Pain is directly caused by damage to the somatosensory system or disease. The disease can be caused by injury to peripheral nerves, posterior roots of the spinal cord, spinal cord and above central nerves caused by trauma and/or disease.
Causes and common diseases:
Age, gender, the intensity of pain, emotional and cognitive abilities, etc. indicate that the formation of chronic pain is the result of a combination of multiple factors, not simply caused by neurological damage.
1. Greater occipital neuralgia:
Refers to paroxysmal or persistent pain within the distribution range of the greater occipital nerve (posterior occipital region), which can also be exacerbated on the basis of persistent pain. The clinical manifestations are acupuncture-like, knife-cutting or burning-like pain on one or both sides of the posterior occiput or both sides. The patient does not dare to turn his head when it is painful, and the head and neck are sometimes in a straightened state. On physical examination, there is tenderness at the exit of the greater nerve, and the distribution area of the greater occipital nerve (C2-3) from the top of the ear to the hairline hyperalgesia or hypoalgesia.
Refers to sciatic neuropathy, a group of pain symptoms that occur along the sciatic nerve pathway, namely the waist, buttocks, back of the thigh, posterior and lateral calf, and lateral foot. The sciatic nerve is the main nerve trunk that innervates the lower limbs. Sciatica refers to pain in the sciatic nerve pathway and its distribution area (buttocks, back of the thigh, back of the calf, and outside of the foot).
3. Intercostal neuralgia:
Refers to the frequent pain that occurs in one or several intercostal areas, with episodic aggravation. Primary intercostal neuralgia is rare, and secondary ones are mostly related to viral infection, toxin stimulation, mechanical damage and foreign body compression. The pain is mostly tingling or burning, and it is distributed along the intercostal nerves. When intercostal neuralgia occurs, the pain is seen from back to front, radiating in a semicircular shape along with the corresponding intercostal space; the pain is tingling or burning. Pain worsens when coughing, deep breathing, or sneezing. The pain is mostly on one nerve on one side.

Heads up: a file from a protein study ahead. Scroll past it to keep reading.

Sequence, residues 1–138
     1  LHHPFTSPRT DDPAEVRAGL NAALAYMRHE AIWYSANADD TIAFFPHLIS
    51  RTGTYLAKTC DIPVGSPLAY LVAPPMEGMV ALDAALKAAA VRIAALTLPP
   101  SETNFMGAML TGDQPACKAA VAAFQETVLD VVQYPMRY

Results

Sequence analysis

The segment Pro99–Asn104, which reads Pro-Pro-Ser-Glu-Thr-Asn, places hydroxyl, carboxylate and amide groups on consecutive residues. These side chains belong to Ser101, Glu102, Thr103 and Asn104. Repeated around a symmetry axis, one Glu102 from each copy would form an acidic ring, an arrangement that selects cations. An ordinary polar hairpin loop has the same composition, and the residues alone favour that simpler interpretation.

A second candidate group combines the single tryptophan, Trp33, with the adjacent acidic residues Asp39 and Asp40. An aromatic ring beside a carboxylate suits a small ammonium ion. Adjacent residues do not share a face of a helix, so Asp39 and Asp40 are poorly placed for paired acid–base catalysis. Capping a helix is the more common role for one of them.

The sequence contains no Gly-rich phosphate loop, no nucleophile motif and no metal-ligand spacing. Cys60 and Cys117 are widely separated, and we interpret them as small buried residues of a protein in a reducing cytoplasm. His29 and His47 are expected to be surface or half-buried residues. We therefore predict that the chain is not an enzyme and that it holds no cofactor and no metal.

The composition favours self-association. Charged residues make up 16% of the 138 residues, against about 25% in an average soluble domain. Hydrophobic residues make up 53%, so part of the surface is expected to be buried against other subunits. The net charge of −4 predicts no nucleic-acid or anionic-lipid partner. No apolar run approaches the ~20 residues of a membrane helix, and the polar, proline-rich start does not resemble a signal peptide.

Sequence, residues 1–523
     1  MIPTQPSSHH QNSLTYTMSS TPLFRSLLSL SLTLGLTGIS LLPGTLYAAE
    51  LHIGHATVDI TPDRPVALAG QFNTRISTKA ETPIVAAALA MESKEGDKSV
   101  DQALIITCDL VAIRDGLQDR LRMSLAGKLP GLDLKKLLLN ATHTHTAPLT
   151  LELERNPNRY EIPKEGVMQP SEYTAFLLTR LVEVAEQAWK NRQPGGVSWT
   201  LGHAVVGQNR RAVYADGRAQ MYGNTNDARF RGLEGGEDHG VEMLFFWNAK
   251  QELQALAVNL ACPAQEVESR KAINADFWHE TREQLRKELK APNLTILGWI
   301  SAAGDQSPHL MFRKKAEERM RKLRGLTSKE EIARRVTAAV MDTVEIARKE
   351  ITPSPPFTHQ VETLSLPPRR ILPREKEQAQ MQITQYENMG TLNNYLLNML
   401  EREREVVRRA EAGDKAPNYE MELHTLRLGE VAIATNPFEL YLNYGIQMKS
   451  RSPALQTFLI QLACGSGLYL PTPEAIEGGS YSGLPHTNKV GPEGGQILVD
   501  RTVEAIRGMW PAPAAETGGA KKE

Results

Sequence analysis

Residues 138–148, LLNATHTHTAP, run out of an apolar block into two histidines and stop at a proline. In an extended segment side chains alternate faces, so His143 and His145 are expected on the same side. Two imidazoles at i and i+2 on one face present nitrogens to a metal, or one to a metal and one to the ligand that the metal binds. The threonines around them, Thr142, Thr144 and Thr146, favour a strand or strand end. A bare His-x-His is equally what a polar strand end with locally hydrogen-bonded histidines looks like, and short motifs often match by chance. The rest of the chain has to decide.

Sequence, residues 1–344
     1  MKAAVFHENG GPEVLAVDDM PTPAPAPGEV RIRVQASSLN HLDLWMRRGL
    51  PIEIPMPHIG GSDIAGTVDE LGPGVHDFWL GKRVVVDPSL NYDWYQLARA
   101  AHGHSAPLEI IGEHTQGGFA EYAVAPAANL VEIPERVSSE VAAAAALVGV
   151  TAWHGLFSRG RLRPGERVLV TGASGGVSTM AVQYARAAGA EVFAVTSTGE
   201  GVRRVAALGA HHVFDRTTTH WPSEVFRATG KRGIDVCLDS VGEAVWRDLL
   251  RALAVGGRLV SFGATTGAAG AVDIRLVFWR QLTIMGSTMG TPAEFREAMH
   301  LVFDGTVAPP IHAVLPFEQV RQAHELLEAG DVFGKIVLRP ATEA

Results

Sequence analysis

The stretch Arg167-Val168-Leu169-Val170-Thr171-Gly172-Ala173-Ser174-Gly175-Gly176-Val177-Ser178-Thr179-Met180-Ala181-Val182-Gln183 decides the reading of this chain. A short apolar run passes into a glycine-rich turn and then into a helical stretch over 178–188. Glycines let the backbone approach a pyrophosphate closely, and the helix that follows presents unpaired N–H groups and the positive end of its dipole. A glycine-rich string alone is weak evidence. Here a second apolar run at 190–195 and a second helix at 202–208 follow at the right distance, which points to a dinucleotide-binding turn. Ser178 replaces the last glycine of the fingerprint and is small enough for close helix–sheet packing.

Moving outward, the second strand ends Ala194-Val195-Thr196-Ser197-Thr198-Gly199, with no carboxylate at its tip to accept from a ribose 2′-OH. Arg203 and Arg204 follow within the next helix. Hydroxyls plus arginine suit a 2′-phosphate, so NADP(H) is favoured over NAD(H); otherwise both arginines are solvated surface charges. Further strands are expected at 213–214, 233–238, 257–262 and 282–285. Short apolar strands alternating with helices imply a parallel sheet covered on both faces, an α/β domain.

The standard examination of patients with neuropathic pain should include the following aspects: touch, acupuncture, compression, cold stimulation, thermal stimulation, tremor and "total". Responses to these stimuli are classified as normal, decreased or increased pain sensation. Stimulus-induced (positive) pain is divided into hyperalgesia and pain paresthesia and is classified according to whether the stimulus is dynamic or static. The tactile sensation can be assessed by gently stimulating the skin with cotton, acupuncture sensation can be assessed by stimulating the skin with sharp needles, deep pain sensation can be assessed by gently pressing muscles and joints, and cold and hot sensations can be assessed by measuring the response to warm stimulation. The response of the tuning fork is evaluated for tremor.
(1) Drug treatment:
The choice of medication for neuropathic pain should be based on the basic pathogenesis of each patient. The drugs used to treat chronic neuropathic pain mainly include anticonvulsants, tricyclic antidepressants, N-methyl-D-aspartate (NMDA) antagonists, ion channel blockers, and non-steroidal antidepressants. Inflammatory drugs (NSAID), local anesthetics, capsaicin receptor blockers, antihypertensive drugs, morphine drugs and GABA receptor agonists, etc. In recent years, some new types of drugs have emerged, such as gabapentin and anti-tumor drugs.
The neuromodulation method of stimulating the spinal cord or cerebral motor cortex by placing electrodes in the epidural space or cerebral cortex has gradually been widely used to treat intractable central and peripheral neuropathic pain. The principle of this method is to appropriately stimulate the target nerve that can produce pain through electrodes, thereby producing a numb sensation to cover the painful area, so as to achieve the purpose of pain relief. Clinical indications: neuropathic pain (such as back surgery syndrome, radiculopathy, chronic regional pain syndrome and peripheral nerve injury), ischemic pain (such as peripheral vascular disease and angina), seizures, Parkinson's syndrome-related movement disorders (such as tremor, paralysis, rigidity, and movement disorders) and other dysfunctions. The main methods of neuromodulation are spinal cord stimulation (SCS) and cerebral motor cortex stimulation (MCS).